So, just how is it that we are ‘serving the Lord Christ’ by doing the job, the vocation that we have? This touches on something that Luther deserves the credit for developing, which he called the “Deus Absconditus.” Literally, the ‘hidden God’ or the ‘God who hides.’ Luther says that on this side of heaven, we never do see God’s face. On the other side of heaven we ‘will see Him face to face and as He is,’ but not here. Here, God hides behind masks. And those masks are the various vocations that He gives us to work at.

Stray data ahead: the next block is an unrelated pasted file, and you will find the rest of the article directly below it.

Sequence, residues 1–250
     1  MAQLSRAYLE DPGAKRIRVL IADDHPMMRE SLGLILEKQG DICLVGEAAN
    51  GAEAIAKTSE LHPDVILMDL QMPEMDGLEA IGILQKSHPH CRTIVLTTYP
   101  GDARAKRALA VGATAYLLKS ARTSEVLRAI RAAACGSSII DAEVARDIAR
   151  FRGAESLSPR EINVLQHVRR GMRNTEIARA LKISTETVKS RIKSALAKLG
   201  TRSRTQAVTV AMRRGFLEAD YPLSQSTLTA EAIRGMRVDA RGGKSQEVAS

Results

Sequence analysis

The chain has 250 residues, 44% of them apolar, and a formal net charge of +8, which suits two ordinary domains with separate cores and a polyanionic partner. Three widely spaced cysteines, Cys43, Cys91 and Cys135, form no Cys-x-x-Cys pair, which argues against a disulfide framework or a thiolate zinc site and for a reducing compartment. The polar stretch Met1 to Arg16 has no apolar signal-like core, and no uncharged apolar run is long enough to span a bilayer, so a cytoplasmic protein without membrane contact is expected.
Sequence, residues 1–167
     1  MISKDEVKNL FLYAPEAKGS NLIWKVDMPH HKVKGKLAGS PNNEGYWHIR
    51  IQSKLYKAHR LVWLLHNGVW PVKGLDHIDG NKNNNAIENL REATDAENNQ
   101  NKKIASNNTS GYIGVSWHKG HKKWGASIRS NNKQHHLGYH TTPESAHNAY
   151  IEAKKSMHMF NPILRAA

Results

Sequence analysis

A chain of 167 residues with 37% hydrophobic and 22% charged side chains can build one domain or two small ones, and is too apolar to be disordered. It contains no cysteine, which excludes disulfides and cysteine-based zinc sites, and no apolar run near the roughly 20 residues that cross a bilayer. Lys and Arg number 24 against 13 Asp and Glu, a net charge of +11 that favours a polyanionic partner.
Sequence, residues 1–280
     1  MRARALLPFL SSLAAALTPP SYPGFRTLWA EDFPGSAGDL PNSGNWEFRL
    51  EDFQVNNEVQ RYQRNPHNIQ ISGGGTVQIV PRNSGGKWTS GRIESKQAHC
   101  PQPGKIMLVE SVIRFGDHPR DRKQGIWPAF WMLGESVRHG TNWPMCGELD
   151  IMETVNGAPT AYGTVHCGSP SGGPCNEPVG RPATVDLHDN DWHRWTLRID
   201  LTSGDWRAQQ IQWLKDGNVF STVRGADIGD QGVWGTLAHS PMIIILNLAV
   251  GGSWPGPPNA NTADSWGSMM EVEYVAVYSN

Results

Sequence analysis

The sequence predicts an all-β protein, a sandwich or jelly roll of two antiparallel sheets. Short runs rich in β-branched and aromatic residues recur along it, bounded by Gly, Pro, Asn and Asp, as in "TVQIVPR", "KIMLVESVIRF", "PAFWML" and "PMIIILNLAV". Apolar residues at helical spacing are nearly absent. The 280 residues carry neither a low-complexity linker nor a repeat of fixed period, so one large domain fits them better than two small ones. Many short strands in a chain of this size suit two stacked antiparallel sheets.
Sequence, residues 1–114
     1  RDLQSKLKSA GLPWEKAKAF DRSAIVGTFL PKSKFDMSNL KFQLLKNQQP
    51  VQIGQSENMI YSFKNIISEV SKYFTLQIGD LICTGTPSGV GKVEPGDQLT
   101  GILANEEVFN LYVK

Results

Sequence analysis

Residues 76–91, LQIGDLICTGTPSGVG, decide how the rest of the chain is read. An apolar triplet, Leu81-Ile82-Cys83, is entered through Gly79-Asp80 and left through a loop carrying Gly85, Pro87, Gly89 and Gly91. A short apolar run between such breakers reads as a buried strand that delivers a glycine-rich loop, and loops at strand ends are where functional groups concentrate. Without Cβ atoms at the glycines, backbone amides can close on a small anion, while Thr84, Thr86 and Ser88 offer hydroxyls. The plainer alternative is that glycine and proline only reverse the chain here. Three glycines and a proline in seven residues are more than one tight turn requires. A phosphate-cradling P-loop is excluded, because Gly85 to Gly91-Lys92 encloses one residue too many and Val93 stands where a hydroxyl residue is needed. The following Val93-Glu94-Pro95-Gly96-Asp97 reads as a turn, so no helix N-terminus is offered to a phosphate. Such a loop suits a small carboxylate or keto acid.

Luther puts it like this, “All of our work in the field, I the garden, in the city, in the home, in the government… These are the masks of our Lord God, behind which he wants to be hidden and to do all things.” “God himself is milking the cow through the poor milkmaid on the stool.”

So, if you’re looking for where or how God is at work in your life, or at work in our nation, or at work in the world, you find Him hidden behind the masks of people doing their job as parents, spouses, carpenters, accountants, teachers, doctors, policemen, soldiers, politicians. You fill in the blank with whatever your jobs happen to be.